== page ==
Raspail has a solution in mind throughout, tersely expressed by a French admiral in the words “Boom… Boom…. Boom.” The French government, however, is paralyzed by the fear of appearing less than humane, or in some way discriminatory. Doubt abounds, even on the subject of what to call the flotilla: “The enemy? The horde? The invasion? The Third World on the march?” They settle on “unprecedented incursion.” Instructed to fire upon the refugee boats, French sailors politely mutiny. The French naval officer in command describes it as “a psychological test, unlike anything before in all our naval history… Either we open our doors to these people and take them in. Or we torpedo every one of their boats, at night, when it’s too dark to see their faces as we kill them.” Called up to defend the south, army reservists mostly ignore the summons. The President of France writes a speech in which he instructs the armed forces to mow down the new arrivals, but loses his nerve at the last minute.
In Raspail’s view, the final proof of the West’s decadence is that it is too consumed by self-doubt and self-loathing to resist its own inundation. The will to fight has been sapped, perhaps above all, by “Vatican III” and its new Brazilian Pope who has sold all his rich furnishings to help the poor. The “camp of the saints” term itself comes from a passage in the Book of Revelation in which a small group of God’s elect is besieged by the armies of Gog and Magog, “the number of whom is as the sand of the sea.” Not surprisingly, a google search about this novel and its reception will quickly lead you down the rabbit hole of white supremacist websites.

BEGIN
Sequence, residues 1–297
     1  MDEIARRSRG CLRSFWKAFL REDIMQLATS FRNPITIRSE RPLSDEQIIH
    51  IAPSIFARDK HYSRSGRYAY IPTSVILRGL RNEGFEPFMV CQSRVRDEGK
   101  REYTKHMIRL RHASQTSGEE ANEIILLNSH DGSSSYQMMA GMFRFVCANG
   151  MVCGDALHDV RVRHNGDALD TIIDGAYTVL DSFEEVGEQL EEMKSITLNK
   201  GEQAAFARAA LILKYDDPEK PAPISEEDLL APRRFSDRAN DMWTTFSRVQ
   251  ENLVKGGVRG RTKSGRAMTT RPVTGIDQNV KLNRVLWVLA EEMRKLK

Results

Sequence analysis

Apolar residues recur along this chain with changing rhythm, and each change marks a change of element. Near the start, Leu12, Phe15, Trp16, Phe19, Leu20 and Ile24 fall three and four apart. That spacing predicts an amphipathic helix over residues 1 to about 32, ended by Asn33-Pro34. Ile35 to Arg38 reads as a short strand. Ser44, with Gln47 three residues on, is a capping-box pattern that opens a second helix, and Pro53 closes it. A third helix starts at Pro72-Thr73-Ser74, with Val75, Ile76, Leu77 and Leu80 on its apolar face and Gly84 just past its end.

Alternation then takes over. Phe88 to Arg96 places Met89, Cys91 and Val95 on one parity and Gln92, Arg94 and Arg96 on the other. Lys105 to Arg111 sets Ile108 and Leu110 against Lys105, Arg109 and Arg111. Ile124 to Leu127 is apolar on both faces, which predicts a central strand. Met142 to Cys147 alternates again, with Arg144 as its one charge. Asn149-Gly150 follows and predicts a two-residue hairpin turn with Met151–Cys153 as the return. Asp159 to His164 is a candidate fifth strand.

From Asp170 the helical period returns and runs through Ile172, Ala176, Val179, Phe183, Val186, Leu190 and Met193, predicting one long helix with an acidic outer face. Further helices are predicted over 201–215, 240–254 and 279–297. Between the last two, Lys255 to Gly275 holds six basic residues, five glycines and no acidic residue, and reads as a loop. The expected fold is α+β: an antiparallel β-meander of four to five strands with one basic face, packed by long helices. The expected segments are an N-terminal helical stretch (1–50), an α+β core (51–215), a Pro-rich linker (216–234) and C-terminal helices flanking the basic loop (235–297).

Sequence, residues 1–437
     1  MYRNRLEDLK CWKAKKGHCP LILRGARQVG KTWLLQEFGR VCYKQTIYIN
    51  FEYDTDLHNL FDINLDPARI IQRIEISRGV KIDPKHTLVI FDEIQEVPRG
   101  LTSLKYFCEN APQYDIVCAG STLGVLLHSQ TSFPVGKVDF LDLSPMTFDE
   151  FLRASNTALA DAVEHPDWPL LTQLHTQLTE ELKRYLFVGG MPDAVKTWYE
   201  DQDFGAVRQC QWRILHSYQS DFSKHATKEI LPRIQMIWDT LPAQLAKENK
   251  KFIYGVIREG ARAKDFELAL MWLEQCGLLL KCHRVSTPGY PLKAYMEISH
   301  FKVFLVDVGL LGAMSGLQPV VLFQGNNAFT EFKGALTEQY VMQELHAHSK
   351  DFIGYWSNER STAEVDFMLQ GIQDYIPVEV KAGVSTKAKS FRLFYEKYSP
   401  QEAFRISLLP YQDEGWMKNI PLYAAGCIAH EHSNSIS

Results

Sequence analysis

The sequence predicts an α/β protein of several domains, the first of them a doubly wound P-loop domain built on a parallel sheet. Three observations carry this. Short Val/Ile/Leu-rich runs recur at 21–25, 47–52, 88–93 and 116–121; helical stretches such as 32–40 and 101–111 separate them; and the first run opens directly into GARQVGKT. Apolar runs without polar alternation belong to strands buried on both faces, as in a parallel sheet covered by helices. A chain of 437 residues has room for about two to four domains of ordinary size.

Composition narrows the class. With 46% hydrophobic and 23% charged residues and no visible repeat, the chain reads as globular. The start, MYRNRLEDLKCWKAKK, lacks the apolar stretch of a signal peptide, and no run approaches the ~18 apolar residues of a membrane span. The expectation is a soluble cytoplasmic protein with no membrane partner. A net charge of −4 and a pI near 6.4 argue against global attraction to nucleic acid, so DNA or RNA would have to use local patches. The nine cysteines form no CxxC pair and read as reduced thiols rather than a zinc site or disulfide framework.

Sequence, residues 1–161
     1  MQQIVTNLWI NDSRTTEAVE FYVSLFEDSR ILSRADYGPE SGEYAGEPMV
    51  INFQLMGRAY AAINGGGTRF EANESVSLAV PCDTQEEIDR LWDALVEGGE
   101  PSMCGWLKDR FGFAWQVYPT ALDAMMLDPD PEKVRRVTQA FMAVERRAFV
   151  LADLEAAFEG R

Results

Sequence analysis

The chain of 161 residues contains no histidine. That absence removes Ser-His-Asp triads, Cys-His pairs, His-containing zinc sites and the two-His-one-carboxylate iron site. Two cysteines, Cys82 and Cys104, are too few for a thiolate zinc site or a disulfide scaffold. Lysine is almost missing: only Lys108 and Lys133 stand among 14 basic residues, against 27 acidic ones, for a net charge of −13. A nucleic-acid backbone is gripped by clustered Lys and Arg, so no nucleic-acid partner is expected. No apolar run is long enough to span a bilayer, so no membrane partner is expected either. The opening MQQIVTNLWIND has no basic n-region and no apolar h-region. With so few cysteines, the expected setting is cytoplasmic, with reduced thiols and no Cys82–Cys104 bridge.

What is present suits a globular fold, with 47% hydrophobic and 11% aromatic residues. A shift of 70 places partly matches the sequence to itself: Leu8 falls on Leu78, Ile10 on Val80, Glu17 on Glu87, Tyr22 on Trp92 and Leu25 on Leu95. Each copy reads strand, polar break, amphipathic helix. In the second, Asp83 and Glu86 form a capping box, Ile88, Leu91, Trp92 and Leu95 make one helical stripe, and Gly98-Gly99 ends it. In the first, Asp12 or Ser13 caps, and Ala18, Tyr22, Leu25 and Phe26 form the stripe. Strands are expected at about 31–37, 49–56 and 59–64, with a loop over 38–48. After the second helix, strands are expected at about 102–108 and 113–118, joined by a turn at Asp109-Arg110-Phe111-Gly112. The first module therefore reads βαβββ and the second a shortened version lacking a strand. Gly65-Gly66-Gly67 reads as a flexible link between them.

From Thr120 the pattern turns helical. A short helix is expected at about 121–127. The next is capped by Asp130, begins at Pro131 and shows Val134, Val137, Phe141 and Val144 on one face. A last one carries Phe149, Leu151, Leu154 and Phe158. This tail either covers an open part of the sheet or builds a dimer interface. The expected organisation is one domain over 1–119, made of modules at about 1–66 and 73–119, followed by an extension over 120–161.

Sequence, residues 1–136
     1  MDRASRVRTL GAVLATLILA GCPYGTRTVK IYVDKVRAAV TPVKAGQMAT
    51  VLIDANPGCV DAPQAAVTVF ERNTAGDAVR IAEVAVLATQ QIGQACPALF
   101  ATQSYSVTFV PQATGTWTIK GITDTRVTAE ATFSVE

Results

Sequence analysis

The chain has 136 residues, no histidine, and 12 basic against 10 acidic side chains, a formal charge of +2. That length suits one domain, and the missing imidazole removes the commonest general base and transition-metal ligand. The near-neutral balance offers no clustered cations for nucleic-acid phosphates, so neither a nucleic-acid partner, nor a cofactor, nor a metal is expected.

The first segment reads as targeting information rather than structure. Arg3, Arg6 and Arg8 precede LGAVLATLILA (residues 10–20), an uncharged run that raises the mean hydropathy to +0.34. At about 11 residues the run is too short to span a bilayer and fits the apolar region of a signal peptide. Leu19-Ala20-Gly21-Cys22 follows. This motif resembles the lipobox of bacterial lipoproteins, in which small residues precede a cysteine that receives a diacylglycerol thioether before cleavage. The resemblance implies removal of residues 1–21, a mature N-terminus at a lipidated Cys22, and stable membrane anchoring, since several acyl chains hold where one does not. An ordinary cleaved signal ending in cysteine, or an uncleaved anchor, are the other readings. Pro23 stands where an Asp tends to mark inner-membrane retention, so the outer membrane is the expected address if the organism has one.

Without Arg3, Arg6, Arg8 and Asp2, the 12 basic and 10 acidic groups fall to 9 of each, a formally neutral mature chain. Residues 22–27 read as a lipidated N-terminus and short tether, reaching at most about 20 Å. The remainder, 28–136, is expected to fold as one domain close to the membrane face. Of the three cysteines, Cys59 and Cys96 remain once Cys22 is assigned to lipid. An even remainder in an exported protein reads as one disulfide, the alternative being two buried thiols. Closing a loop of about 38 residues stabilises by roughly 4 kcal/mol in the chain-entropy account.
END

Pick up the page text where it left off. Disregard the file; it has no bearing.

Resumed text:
We aren’t likely to see a film version of Camp of the Saints any time soon. Yet the undead from the Brad Pitt movie World War Z have an uncanny similarity to Raspail’s refugee menace, not least in their ability to cheerfully defy the laws of physics and common sense. In one scene, the zombies seethe and surge around corners like a flash flood; in another, they plummet like lead weights, while in the most notorious scene of the film—when they confront an Israeli border wall that looks as if it was built to keep out dinosaurs rather than human beings—they loft skyward like a mound of hot buttered popcorn brimming over the pot’s edge.
Raspail would have had no trouble recognizing these explosive zombie hordes. Here, in fact, is how he describes what the Last Chance Armada looked like:
“If the figures could be believed… then the decks and holds must be piled high with layer upon layer of human bodies, clustered in heaps around smoke-stacks and gangways, with the dead underneath supporting the living, like one of those columns of ants on the march, teeming with life on top, exposed to view, and below, a kind of ant-paved path, with millions of trampled cadavers.”
I’ve seen calls on Twitter for new novels of the Anthropocene to raise our consciousness and ready us for the ecological battles to come next, but it would seem that the apocalyptic mass migration genre is already up and running. The American Conservative ran a blog post last week: “It’s Jean Raspail’s World Now.”
Not with a bang but a whimper
Raspail was too angry to be the next Evelyn Waugh, but now and then Camp of the Saints takes a break from incinerating its leftist straw men and actually offers some mordant political satire. A French cabinet meeting features a proposal to outsource the problem to the UN and “send out helicopters once in a while to feed the people and take care of the ships.” This scheme grows more and more elaborate (pretty soon it’s an autonomous Floating Republic of the High Seas with honorary UN membership), but the bottom line is that for the price of “a couple of food packages… and some aspirin from World Health” the problem can be contained, hived off for good without any political risk. “It’s hardly a new idea,” the official adds. “Remember Palestine?”